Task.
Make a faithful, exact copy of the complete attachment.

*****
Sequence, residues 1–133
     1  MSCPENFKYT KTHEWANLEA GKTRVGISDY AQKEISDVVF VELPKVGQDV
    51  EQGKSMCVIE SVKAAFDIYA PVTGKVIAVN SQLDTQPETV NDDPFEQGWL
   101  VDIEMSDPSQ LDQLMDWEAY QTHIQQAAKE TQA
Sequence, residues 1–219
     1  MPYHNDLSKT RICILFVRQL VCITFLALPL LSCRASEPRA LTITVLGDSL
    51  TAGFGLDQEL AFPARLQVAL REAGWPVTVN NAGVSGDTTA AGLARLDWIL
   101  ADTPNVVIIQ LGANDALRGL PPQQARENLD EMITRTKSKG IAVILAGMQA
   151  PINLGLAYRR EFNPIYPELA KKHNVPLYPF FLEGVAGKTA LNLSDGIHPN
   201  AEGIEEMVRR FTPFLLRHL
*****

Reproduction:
Sequence, residues 1–133
     1  MSCPENFKYT KTHEWANLEA GKTRVGISDY AQKEISDVVF VELPKVGQDV
    51  EQGKSMCVIE SVKAAFDIYA PVTGKVIAVN SQLDTQPETV NDDPFEQGWL
   101  VDIEMSDPSQ LDQLMDWEAY QTHIQQAAKE TQA
Sequence, residues 1–219
     1  MPYHNDLSKT RICILFVRQL VCITFLALPL LSCRASEPRA LTITVLGDSL
    51  TAGFGLDQEL AFPARLQVAL REAGWPVTVN NAGVSGDTTA AGLARLDWIL
   101  ADTPNVVIIQ LGANDALRGL PPQQARENLD EMITRTKSKG IAVILAGMQA
   151  PINLGLAYRR EFNPIYPELA KKHNVPLYPF FLEGVAGKTA LNLSDGIHPN
   201  AEGIEEMVRR FTPFLLRHL